One in 110 children is on the autism spectrum, and problems can extend well into adulthood. “Autism” has become a household word not only because of its prevalence, but because of efforts to build awareness. Such efforts have been instrumental in calling attention to the need for more research and resources, and in ending the stigma that the disorder carries.
However, families touched by autism can sometimes still feel as if they aren’t fully a part of their community. Some of those feelings of exclusion can stem from the simple fact that it’s hard (and sometimes impossible) to participate in activities most families take for granted. Adults and children with autism can find it hard to do simple things like going out for dinner, taking in a basketball game, or attending a community event; in many cases, families weigh the potential fun against the chance of a mishap or meltdown and decide it’s just not worth it.
Thankfully, there’s an evolving movement for businesses to put on events—or change current ones—that take the needs of people on the autism spectrum into account. These businesses create great experiences for people with ASDs; theaters offer showings of movies and plays with muted special effects, sounds and lighting, in addition to “quiet rooms” for kids and adults who get overstimulated. Some theaters even go so far as to have “autism only” showings, where families can enjoy a movie without the fear of embarrassment or ridicule.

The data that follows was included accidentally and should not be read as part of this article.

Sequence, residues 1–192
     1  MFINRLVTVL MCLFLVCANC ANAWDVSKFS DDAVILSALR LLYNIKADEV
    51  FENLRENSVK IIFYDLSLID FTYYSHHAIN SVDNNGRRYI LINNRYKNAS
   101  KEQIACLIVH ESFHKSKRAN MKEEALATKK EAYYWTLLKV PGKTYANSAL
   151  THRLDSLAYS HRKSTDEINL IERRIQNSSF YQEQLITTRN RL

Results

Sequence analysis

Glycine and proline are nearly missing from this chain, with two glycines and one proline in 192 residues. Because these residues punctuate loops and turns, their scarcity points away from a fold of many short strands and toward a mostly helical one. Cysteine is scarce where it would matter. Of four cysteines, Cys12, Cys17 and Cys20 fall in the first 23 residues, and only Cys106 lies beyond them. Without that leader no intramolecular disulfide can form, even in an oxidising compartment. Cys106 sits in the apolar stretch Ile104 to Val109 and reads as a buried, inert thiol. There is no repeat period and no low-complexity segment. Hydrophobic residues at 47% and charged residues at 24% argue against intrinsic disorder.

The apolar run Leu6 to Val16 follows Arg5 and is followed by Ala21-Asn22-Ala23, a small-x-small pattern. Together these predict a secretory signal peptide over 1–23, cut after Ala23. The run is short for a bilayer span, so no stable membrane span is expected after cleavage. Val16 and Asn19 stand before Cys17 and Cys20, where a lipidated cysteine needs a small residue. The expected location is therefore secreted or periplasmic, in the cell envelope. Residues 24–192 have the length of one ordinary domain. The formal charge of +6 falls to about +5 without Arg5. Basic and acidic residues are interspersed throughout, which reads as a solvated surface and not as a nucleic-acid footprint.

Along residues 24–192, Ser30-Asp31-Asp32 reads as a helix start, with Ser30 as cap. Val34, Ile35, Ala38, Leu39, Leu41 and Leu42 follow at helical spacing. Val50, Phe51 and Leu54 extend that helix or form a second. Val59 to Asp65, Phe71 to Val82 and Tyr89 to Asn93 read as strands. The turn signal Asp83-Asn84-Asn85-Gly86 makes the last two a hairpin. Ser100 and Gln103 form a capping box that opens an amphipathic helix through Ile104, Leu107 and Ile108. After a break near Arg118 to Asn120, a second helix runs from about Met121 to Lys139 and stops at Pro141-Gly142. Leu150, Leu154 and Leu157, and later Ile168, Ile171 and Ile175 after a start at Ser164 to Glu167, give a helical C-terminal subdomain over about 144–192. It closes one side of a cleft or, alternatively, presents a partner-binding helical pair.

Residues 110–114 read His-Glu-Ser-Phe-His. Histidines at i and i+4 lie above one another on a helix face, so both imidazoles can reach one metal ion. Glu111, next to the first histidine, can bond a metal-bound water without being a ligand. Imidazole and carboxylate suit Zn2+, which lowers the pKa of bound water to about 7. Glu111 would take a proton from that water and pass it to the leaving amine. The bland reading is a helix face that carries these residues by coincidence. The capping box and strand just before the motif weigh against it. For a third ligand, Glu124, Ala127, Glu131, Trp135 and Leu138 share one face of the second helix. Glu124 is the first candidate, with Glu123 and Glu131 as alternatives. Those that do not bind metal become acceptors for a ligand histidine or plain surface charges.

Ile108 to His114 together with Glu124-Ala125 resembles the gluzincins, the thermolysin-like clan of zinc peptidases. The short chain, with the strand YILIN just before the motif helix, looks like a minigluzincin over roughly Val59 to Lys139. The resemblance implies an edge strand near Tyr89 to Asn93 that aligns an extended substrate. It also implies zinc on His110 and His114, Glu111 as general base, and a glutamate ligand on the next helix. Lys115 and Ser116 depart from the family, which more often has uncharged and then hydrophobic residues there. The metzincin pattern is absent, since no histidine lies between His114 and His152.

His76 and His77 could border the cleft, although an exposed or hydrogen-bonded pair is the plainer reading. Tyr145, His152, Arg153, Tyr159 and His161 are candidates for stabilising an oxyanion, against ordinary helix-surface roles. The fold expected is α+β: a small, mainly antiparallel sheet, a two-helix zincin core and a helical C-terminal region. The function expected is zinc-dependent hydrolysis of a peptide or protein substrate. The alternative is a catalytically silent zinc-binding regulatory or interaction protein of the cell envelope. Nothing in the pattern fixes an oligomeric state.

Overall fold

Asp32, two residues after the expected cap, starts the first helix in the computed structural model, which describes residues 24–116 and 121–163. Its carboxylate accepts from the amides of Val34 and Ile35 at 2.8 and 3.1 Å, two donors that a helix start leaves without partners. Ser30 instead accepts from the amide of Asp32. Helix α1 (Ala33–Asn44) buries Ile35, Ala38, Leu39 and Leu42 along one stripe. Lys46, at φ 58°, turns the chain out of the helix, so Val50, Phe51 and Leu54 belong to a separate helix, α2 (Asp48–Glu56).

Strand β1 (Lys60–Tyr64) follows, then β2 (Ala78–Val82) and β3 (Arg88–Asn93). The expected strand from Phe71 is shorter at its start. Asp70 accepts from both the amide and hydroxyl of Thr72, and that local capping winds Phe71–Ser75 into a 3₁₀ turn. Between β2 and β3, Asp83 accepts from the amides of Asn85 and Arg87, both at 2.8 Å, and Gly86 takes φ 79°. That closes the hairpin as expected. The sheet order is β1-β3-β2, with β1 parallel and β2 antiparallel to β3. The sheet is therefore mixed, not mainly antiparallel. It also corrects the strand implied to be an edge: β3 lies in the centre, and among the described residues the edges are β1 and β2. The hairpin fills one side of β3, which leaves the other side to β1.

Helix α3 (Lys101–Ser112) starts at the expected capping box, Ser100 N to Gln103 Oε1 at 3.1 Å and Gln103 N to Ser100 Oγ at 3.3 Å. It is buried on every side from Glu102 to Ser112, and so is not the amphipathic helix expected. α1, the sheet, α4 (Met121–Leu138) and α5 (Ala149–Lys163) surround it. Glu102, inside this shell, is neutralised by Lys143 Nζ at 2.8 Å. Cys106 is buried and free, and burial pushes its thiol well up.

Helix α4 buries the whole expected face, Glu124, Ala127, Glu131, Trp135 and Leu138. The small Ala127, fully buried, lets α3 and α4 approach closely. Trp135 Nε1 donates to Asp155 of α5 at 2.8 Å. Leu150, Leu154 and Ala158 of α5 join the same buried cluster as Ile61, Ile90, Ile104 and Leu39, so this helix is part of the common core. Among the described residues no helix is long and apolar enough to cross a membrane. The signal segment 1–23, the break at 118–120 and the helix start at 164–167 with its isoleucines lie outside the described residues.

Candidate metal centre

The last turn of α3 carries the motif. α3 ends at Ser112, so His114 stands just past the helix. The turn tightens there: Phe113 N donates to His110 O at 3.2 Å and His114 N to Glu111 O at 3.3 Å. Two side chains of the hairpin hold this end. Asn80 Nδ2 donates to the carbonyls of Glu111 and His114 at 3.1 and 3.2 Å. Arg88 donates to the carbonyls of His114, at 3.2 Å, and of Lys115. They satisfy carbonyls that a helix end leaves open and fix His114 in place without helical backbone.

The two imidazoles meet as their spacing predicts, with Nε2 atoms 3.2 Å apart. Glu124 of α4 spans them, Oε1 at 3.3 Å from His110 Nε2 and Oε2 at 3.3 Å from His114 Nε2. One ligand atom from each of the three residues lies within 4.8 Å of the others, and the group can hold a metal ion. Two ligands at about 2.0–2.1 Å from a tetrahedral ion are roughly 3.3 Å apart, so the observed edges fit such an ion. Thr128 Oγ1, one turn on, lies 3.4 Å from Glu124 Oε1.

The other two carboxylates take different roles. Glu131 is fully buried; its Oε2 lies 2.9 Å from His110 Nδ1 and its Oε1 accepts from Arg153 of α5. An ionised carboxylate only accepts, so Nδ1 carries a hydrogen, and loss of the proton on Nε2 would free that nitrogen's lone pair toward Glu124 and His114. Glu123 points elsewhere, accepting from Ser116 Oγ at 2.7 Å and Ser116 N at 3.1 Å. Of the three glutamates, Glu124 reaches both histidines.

Theme parks also offer back door access for families of adults and children with autism, although these services aren’t heavily advertised. If you ask and are willing to show proof of your family member’s autism diagnosis, parks such as Disney World will offer a pass that allows you and your child to skip the long lines and noisy crowds associated with some attractions.
Restaurants are also becoming more autism aware. Many with ASDs have food allergies or intolerances, or are on special diets, and these autism-friendly eateries offer dishes and entire menus which are free of casein, gluten and other problem additives. If you’re trying a restaurant for the first time, call ahead and ask if they can make special accommodations for your family member.
You might not expect an auto race to be autism-friendly, but even NASCAR is getting into the act. Autism Speaks has partnered with NASCAR, Dover International Speedway and other sponsors to create the sanctioning body’s first ASD-friendly race experience. At the FedEx 400, families touched by autism are able to participate in the “Day at the Races”, which offers presentations on the latest services and research. While the race is going on, families can take advantage of the designated “quiet zone” in the grandstands; parents finally have a sensory-appropriate place to take their kids away from the noise and the crowds.
Not every business can make such great accommodations for families with autism, but it’s very important that theaters, theme parks, and other organizations do try. Becoming autism-friendly isn’t just “doing a good deed”, it’s a way to boost business. Like everyone else, a family impacted by autism votes with its wallet by spending their limited entertainment budget where they’ll get the best value. Holding ASD-friendly events exhibits good business sense, and it helps to build a more inclusive community for everyone.
Article written by A. Elliott; a writer with an interest in autism awareness, she occasionally writes for Voyage Care, specialists in autism care and brain injury rehabilitation. To learn more about them and what they do, visit their website VoyageCare.com.